Market Snapshot: 2015 a Record-Setting Year for Canadian Electricity Exports

Market Snapshot: 2015 a Record-Setting Year for Canadian Electricity Exports

Canadian electricity exports surpassed previous records in 2015, with net export volumes of almost 60 terawatt hours (TW.h) and net export revenues of $2.8 billion.

Increasing exports and decreasing imports pushed the volume of 2015 net exports over the previous 52 TW.h record set in 2013. Imports from the U.S. fell below 9 TW.h in 2015, the lowest amount in almost 20 years. Exports surpassed 68 TW.h, a 17% increase over 2014. Overall, Canada’s net electricity exports increased by over 14 TW.h and were 30% higher in 2015 than in 2014.

Canada also earned 20% more in net revenue (i.e., income from exports minus the cost of the imports) in 2015 compared to 2014. In fact, 2015 net revenues surpassed the previous record of $2.5 billion set in 2008.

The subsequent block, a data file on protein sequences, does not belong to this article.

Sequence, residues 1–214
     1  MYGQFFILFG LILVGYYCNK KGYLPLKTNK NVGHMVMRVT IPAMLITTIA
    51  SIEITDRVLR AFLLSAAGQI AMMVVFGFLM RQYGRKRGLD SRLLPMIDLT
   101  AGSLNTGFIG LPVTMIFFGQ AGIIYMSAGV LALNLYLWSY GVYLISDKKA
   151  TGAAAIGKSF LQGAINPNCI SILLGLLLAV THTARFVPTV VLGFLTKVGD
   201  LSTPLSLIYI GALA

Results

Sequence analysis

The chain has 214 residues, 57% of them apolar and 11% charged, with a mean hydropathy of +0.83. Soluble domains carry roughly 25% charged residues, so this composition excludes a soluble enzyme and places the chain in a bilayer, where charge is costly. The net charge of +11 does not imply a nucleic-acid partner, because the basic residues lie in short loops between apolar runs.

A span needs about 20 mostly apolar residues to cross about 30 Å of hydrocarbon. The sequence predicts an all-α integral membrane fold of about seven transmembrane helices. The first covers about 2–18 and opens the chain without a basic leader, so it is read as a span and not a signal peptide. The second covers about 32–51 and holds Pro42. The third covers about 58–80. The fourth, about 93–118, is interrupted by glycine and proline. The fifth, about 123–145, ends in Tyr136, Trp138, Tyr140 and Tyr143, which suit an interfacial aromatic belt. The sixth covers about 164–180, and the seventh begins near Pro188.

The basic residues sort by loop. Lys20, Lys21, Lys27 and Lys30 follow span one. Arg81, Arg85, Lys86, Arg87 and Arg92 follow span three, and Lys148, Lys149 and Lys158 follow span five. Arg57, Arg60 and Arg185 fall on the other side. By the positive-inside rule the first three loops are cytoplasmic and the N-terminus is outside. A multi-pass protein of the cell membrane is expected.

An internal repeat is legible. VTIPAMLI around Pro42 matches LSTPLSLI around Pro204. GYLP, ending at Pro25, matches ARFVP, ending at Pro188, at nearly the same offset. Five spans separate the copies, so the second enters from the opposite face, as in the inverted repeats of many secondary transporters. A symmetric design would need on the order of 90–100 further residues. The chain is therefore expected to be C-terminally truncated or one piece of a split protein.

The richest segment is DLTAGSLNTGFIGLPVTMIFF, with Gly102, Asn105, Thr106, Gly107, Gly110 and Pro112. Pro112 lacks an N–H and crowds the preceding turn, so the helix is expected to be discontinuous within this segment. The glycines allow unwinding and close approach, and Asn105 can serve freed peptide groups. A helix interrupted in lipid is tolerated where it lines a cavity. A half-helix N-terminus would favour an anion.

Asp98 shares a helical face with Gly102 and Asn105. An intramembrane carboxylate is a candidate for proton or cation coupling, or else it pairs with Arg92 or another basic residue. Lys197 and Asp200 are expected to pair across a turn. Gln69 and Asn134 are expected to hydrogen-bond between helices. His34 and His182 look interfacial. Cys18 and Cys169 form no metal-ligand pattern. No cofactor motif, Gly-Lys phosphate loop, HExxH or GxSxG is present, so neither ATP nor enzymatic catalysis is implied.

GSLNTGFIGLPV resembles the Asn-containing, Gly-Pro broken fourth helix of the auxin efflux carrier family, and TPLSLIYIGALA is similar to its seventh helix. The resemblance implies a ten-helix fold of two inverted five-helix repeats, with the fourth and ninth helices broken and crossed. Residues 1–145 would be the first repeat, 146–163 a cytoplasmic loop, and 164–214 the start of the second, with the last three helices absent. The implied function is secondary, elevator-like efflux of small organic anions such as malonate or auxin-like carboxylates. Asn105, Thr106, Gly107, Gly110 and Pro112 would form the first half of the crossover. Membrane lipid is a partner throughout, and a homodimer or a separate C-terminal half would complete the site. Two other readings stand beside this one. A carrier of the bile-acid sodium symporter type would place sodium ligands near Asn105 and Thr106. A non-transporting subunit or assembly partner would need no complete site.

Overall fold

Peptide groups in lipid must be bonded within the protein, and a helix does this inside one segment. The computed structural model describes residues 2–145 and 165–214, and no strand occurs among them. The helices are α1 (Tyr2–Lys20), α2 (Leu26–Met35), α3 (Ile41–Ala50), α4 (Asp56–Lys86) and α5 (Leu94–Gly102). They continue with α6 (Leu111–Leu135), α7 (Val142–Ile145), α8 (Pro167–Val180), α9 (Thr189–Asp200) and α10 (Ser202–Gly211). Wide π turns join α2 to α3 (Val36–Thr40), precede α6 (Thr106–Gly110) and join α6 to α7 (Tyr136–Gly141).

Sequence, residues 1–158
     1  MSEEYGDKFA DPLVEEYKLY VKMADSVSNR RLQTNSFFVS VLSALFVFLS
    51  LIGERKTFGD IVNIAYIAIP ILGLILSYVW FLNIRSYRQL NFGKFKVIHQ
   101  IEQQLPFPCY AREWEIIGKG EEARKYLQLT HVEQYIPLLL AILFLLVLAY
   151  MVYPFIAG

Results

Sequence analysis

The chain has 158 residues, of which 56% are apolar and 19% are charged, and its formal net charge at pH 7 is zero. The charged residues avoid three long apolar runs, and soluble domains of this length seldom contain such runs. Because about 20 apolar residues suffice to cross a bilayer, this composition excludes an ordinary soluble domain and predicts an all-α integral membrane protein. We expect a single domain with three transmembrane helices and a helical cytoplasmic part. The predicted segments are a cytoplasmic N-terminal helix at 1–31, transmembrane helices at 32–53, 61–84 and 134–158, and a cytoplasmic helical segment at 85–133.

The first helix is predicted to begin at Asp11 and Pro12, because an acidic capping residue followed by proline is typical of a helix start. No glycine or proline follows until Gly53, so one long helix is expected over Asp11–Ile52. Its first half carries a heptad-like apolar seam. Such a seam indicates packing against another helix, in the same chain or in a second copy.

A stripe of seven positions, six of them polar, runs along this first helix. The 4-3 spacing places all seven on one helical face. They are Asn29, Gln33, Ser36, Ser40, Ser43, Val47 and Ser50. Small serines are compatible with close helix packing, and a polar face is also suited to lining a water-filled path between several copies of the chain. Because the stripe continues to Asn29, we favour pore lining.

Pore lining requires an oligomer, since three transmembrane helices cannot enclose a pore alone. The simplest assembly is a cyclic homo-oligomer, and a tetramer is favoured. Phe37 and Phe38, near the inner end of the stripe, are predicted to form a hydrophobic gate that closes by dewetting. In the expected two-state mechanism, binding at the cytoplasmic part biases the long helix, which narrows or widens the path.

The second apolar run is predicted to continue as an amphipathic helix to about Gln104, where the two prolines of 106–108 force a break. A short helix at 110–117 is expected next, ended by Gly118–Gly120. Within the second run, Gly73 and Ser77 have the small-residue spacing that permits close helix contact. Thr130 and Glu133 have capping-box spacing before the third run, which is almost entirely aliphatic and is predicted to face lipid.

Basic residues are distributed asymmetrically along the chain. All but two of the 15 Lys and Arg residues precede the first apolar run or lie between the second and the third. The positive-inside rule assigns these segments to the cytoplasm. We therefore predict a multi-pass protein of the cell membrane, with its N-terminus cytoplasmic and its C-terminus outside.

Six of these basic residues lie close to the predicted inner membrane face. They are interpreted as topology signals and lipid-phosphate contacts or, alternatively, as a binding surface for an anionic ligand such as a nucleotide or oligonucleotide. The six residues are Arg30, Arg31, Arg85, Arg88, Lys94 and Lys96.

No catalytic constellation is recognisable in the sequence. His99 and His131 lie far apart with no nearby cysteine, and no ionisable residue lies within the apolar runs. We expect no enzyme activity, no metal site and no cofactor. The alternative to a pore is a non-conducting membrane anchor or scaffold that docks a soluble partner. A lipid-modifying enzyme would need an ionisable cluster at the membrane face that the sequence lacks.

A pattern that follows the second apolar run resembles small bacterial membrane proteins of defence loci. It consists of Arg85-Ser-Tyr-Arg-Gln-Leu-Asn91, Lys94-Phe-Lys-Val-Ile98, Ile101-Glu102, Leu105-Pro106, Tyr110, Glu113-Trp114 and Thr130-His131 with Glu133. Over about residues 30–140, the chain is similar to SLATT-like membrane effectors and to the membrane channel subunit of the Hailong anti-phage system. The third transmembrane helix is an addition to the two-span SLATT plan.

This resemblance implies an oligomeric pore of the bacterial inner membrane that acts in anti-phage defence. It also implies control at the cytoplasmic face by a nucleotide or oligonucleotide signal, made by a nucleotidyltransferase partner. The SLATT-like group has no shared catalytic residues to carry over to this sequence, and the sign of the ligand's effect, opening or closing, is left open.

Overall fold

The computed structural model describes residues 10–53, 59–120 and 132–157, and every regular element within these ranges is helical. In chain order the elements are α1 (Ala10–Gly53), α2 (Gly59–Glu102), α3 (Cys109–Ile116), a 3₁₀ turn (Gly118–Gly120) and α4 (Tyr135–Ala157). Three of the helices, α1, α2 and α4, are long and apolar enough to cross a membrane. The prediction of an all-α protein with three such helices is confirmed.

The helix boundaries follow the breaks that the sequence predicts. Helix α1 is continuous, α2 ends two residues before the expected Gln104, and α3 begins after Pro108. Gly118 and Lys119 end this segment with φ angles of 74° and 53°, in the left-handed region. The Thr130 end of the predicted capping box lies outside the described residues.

Québec, Ontario, Manitoba, and British Columbia (B.C.) account for more than 95% of Canadian electricity export volumes. More than half of the 2015 increase in net exports can be attributed to a 7.4 TW.h increase in net exports from B.C., which also strategically buys and sells electricity to maximize revenue. Aside from BC, the other main contributor to increased Canadian net exports was Ontario, which added 3.6 TW.h.

Several factors led to the 2015 increase in Canadian exports. Droughts in the U.S. Pacific Northwest and California reduced hydro generation in these areas, while cold temperatures in the U.S. Northeast increased demand for electricity in that region. Relatively high U.S. prices compared to Canadian prices also supported increased exports.

Source: National Energy Board,

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